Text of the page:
Aside from the enormous deep blue lake that is the center of it all, the Lake Tahoe region is also blessed with copious quantities of beautiful wilderness, amazing hiking and mountain-biking trails, and jagged peaks reflected in granite-lined lakes. In other words, there are a ton of great places in which to explore and enjoy nature in these parts. But Tahoe is not a hidden gem. It’s on the world’s radar and you will not have the woods to yourself. If the people who hit the trails after you are going to enjoy it as much as you do, you need to do your best to leave it just like you found it — or, perhaps, even better.

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Leave the flowers, the rocks and all the other nature you find in the woods where it can be enjoyed where it belongs. Pictured are views in Desolation Wilderness.

[blockquote3]
“If you are new to the mountains, understand that you will need
time to adjust to the thinner air, especially when you hike several
thousand feet higher to the top of the ridgelines
and peaks around the lake.” 

[/blockquote3]

Whether you are in Desolation Wilderness or bombing down one of your favorite mountain biking trails at Tahoe Cross Country, the ways in which to keep the environment spectacular while giving all of us an experience that is both safe and pleasurable are just plain common sense.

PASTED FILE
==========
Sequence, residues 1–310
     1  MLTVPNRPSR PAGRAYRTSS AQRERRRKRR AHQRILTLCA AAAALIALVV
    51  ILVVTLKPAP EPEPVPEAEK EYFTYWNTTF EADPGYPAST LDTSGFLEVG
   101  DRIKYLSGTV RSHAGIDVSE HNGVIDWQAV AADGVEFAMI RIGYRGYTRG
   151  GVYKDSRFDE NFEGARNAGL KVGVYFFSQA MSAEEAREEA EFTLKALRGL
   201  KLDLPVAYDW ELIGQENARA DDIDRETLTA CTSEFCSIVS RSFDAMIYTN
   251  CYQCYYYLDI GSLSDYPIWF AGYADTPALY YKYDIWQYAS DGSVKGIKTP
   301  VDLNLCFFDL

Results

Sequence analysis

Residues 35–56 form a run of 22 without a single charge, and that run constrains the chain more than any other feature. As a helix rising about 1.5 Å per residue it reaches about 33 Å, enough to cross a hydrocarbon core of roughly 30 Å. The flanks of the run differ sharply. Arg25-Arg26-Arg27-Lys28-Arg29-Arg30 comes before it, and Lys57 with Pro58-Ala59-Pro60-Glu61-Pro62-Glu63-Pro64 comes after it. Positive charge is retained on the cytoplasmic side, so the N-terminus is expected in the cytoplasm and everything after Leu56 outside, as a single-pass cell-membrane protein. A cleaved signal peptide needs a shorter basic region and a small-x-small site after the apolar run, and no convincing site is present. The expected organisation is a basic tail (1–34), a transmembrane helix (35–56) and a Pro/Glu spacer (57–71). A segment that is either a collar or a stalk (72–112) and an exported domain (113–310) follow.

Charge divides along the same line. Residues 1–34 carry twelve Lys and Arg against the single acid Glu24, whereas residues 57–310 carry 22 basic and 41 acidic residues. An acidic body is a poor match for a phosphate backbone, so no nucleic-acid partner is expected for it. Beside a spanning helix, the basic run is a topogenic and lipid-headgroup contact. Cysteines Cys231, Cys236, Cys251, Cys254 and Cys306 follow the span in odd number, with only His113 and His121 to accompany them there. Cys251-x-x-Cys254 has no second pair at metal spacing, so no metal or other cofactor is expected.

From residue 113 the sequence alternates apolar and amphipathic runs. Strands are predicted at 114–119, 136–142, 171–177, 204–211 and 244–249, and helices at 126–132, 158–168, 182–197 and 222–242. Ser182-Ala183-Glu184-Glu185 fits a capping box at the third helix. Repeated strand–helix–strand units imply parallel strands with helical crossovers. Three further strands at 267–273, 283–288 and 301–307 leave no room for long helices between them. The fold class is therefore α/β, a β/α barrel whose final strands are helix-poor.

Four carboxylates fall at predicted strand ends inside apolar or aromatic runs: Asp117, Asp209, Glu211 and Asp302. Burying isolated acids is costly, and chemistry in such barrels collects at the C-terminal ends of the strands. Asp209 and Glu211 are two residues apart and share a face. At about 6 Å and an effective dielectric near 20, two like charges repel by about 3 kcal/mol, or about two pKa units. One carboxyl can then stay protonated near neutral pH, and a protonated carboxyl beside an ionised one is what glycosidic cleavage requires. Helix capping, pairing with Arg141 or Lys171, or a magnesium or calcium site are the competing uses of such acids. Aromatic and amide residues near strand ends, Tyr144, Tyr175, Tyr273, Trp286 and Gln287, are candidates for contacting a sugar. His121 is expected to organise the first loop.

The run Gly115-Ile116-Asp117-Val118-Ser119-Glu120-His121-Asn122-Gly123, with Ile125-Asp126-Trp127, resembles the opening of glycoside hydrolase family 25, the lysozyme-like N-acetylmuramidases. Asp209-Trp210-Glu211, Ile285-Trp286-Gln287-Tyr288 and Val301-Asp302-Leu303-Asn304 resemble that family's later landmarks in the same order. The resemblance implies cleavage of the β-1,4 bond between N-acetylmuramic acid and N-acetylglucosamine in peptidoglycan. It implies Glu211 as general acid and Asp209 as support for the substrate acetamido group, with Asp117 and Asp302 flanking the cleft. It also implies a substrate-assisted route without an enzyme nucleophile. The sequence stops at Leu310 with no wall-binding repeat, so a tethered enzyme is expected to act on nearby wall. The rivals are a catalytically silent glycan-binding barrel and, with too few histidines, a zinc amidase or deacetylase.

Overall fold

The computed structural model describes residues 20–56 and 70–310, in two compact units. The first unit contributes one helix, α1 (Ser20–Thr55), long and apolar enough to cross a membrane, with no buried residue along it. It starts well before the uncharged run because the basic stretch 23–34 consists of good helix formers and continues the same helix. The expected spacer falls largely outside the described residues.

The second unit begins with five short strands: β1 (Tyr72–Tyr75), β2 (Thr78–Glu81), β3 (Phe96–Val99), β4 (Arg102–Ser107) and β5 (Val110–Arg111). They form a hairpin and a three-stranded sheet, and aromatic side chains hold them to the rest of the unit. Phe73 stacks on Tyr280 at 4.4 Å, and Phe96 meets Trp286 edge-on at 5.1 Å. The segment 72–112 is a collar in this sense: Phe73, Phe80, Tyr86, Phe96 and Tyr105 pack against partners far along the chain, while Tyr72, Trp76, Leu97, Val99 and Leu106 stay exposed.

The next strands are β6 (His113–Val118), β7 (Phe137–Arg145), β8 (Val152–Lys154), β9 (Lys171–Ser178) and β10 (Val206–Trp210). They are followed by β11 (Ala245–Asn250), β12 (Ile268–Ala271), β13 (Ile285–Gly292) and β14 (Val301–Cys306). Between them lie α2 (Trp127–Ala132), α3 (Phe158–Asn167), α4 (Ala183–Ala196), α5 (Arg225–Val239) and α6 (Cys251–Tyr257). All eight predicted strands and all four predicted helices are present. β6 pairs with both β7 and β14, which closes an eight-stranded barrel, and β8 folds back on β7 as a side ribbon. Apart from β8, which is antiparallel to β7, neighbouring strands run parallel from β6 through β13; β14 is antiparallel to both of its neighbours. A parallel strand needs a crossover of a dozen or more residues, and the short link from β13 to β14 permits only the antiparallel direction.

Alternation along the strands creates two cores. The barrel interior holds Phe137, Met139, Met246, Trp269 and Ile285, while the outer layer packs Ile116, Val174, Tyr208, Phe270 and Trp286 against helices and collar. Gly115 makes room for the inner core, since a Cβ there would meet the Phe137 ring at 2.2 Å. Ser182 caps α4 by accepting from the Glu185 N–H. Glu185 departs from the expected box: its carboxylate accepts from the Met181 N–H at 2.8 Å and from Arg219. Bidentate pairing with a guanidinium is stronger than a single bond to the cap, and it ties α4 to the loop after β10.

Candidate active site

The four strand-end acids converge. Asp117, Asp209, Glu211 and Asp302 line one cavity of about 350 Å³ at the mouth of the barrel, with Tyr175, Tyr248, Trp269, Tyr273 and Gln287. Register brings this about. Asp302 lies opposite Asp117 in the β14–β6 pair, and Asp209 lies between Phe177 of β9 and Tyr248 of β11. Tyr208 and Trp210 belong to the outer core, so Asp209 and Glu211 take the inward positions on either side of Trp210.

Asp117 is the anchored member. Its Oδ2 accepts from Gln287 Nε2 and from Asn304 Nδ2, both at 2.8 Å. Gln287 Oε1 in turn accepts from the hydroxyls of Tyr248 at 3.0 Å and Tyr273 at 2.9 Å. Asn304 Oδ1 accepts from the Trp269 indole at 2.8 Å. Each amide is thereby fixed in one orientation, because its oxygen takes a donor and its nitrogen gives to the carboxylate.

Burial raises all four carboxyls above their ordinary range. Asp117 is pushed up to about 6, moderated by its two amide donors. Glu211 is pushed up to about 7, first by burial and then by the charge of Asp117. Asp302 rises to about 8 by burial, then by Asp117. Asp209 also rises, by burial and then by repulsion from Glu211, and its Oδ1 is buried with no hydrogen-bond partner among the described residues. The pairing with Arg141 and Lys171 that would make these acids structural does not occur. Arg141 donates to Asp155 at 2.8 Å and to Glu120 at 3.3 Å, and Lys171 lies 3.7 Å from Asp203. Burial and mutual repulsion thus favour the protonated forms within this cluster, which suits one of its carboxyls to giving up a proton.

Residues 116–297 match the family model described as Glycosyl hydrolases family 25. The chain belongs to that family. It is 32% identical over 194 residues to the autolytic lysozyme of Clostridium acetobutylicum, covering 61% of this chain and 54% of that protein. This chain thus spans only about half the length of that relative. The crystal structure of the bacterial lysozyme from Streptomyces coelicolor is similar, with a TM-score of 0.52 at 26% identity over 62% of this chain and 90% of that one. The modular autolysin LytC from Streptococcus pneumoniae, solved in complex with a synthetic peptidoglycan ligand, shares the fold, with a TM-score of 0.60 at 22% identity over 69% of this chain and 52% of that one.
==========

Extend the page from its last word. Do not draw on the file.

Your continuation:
• Before you hit the trail, tell someone where you are going with a rough estimate of when you will be back. Bring your cell phone, but realize you might not get service. Bring a map and compass that you know how to use.
  • If you pack it in, pack it out. This means litter, of course, but also toilet paper and your dog’s waste. If you want to win extra karma points, take out any garbage that others left — others who are not as cool as you are, obviously.
  • Leave the flowers, the rocks and all the other nature you find in the woods where it can be enjoyed where it belongs.
  • Do you see any orange, apple or banana trees in the Sierra? No. Then don’t throw your oranges, apples or bananas into the woods. The animals in the Sierra do not have the stomach for foods they don’t usually encounter and feeding animals turns them into beggars.
  • Stay on the trail. The plants at high altitude are fragile and can be damaged if you walk on them. There are two exceptions to this rule: solid granite and snow can be walked on.
  • While camping in the wilderness, use an old tent site instead of creating a new one. Keep your noise levels to a minimum. While some come to the wilderness to get wild, others are looking for peace and tranquility. Camp at a reasonable distance from other campers to maintain privacy.
  • Be sure to evacuate your bowels at least 200 feet from any water sources and carry out all toilet paper. Also, don’t wash dishes in any body of water.
  • Be sure to carry a first-aid kit.
  • Don’t drink the water. Filter, boil or chemically treat all water sources. Even though it looks delicious, it may contain giardia or other nasties.